TED Talk Tuesday: Maria Forleo talks lilies and leaches

So maybe this isn’t a TED talk, but I’m still reeling from all the inspirational content that was covered in Alt for Everyone, and had to share. The below video was spurred by the Overcome Overwhelm session with Hilary Rushford and Whitney English. While Hilary was able to wax poetic on her macro vs. micro planning, and how important it is to say no, Whitney designs and sells her own planners on Etsy—they’re beautiful, functional and the second I posted a picture of them to Instagram, my coworker commented about having one of those lusted-after planners and loving it.

The video features ADHD expert Ned Hallowell, who touches on five tips for entrepreneurs and creative types—great advice for anyone who easily feels overwhelmed and wants to work smarter, not just harder. His tips are:

Define clear and specific goals. Set three daily goals, three weekly / biweekly goals, three long-term goals to meet in the next 6-12 months, and three lifetime goals. This forces you to prioritize and ensure that the work you’re doing is in pursuit of “the big picture.” You also know me and goals. They’re my crack.

Avoid “sceen sucking.” This is an incredible term. How often do I log into my computer just to check my email, and then end up putzing. It’s estimated that out of every hour, 20 minutes are spent unproductively because people end up sucked into their screens. Instead, Hallowell suggests allocating a specific time or times each day to devote to email and online interaction.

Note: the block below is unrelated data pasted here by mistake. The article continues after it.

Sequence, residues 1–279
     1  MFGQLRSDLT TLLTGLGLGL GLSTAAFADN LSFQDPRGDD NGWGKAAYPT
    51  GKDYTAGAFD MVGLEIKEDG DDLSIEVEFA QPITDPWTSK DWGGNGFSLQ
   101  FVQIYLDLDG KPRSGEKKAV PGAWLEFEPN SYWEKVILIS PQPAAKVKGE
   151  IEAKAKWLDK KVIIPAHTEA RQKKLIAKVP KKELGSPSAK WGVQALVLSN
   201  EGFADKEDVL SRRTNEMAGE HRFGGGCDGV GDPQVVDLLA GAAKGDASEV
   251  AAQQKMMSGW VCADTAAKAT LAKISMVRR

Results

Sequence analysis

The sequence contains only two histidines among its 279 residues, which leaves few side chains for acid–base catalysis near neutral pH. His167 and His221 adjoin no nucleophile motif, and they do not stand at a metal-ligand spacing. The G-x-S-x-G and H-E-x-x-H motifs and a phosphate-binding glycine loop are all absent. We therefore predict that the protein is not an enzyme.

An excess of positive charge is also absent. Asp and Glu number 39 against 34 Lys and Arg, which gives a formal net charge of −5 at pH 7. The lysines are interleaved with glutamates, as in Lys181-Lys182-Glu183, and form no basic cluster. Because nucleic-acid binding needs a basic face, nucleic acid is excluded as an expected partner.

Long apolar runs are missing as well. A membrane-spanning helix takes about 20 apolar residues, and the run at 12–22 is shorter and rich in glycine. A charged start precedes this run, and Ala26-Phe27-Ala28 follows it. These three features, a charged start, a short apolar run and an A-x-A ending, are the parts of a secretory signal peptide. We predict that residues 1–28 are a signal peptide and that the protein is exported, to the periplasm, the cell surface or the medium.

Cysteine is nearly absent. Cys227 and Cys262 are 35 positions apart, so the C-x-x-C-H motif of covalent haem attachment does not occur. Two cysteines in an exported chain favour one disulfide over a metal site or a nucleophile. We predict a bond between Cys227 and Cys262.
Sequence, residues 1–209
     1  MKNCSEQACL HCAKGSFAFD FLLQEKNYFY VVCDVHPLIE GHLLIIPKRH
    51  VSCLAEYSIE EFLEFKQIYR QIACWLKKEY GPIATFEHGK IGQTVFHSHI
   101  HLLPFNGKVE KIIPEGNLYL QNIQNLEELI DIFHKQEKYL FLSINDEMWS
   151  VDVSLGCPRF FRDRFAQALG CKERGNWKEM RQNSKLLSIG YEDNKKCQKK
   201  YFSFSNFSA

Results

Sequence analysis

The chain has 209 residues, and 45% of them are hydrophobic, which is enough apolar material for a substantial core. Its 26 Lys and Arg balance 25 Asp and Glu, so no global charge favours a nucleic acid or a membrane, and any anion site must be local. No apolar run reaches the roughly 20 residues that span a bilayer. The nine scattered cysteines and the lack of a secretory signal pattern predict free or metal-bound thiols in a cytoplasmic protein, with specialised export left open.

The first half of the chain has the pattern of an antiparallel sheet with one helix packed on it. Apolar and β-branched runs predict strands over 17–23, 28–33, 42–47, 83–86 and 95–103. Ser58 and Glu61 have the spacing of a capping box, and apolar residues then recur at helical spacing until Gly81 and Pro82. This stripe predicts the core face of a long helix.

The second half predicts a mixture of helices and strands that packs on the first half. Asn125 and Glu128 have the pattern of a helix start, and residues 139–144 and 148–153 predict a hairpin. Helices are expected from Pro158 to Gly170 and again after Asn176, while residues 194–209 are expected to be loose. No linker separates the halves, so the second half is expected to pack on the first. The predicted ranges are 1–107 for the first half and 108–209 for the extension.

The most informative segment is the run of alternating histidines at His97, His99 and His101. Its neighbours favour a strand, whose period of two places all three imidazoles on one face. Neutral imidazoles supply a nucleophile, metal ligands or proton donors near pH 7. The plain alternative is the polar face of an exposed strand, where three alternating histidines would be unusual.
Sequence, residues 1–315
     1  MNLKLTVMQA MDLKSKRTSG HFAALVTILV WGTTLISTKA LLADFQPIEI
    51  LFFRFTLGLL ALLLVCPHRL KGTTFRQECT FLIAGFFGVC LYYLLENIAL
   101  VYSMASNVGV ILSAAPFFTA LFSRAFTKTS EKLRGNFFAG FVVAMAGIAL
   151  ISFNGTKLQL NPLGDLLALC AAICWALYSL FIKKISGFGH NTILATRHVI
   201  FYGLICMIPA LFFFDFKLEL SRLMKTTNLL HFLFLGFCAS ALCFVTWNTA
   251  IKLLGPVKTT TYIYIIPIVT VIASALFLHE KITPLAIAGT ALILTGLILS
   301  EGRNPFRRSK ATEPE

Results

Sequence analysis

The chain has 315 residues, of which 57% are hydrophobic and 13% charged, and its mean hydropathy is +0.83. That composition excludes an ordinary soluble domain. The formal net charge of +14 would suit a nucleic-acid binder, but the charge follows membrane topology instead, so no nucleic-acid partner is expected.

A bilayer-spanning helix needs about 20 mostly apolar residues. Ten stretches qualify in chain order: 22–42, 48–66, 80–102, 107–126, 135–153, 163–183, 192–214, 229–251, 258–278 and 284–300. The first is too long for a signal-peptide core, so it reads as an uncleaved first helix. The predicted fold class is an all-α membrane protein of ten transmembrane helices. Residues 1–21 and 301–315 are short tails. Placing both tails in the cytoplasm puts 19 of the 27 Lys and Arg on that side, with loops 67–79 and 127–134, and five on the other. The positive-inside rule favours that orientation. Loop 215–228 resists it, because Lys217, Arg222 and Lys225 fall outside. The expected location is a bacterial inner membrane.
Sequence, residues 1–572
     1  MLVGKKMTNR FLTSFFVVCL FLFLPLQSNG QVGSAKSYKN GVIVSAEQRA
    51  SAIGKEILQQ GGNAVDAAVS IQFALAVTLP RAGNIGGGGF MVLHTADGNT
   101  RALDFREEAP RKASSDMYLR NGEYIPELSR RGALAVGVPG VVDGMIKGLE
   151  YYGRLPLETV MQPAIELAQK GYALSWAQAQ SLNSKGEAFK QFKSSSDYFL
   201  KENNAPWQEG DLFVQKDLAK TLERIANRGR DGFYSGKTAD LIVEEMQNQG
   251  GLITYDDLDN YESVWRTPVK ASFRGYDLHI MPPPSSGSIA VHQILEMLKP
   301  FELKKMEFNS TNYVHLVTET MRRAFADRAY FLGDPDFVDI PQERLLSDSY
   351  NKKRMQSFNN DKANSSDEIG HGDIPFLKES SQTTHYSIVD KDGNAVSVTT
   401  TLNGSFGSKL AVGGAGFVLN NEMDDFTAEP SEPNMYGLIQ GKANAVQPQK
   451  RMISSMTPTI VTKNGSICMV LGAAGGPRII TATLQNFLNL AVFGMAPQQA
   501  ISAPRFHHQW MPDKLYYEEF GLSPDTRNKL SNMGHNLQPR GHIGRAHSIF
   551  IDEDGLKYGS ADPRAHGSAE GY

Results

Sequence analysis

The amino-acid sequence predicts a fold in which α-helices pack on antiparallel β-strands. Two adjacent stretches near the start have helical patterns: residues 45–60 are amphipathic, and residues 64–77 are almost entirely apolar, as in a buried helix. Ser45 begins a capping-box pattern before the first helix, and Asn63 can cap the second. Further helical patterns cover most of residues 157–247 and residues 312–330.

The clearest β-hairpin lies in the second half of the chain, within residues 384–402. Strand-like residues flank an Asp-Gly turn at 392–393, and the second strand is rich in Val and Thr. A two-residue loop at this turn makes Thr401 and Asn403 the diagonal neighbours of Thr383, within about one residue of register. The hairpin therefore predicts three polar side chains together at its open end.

Change the default response from “yes” to “let me get back to you.” Not only does this ensure that you’re not over-committed, but it this helps ensure that you only take on projects that are true to yourself or true to your brand and help further those longer-term goals.

Never worry alone. To try to avoid constant toxic worrying, (1) never worry alone, (2) get the facts so it’s not as overwhelming and you know what you’re working with, and (3) make a plan. This is something that I can 100% implement in my own life nowadays; I have a tough time differentiating between worry and genuine stress, so getting the facts and making a plan will help me avoid the nagging stomach ache of stress.

“Cultivate lilies and get rid of leeches.” I love this one: Lilies are people or projects that are worth the time and energy you invest in them, and who give back. Leeches aren’t worth the time and energy you invest, and instead are dream breakers and take away time from the lilies. That said, don’t crowd your life with too many lilies, such that you’re overwhelmed by too many commitments to each. Quality over quantity? Sounds like Perfect 10 for the people we surround ourself with, yes?

Enjoy the video!

TED Talk Tuesday: Rethinking Charity